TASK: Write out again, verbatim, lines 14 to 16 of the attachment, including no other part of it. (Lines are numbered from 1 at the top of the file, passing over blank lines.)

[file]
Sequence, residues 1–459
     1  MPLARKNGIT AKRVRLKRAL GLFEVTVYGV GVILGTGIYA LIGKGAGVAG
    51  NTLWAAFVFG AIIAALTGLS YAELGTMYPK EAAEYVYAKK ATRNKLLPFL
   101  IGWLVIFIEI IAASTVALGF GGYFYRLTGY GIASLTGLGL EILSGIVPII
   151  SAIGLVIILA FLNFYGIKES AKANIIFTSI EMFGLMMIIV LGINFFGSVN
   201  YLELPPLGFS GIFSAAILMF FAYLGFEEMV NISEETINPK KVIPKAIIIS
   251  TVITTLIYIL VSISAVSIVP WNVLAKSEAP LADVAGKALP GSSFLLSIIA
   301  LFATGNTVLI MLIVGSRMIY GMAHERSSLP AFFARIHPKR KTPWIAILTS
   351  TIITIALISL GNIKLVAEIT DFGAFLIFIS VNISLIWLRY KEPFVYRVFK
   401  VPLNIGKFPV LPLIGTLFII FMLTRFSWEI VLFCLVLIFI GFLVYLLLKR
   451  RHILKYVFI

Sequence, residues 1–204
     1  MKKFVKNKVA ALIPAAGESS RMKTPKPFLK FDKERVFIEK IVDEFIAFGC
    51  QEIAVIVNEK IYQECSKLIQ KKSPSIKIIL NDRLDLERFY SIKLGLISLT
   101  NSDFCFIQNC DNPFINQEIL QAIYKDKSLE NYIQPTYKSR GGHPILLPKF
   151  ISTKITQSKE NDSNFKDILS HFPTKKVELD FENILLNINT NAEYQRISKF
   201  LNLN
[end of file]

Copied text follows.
    51  QEIAVIVNEK IYQECSKLIQ KKSPSIKIIL NDRLDLERFY SIKLGLISLT
   101  NSDFCFIQNC DNPFINQEIL QAIYKDKSLE NYIQPTYKSR GGHPILLPKF
   151  ISTKITQSKE NDSNFKDILS HFPTKKVELD FENILLNINT NAEYQRISKF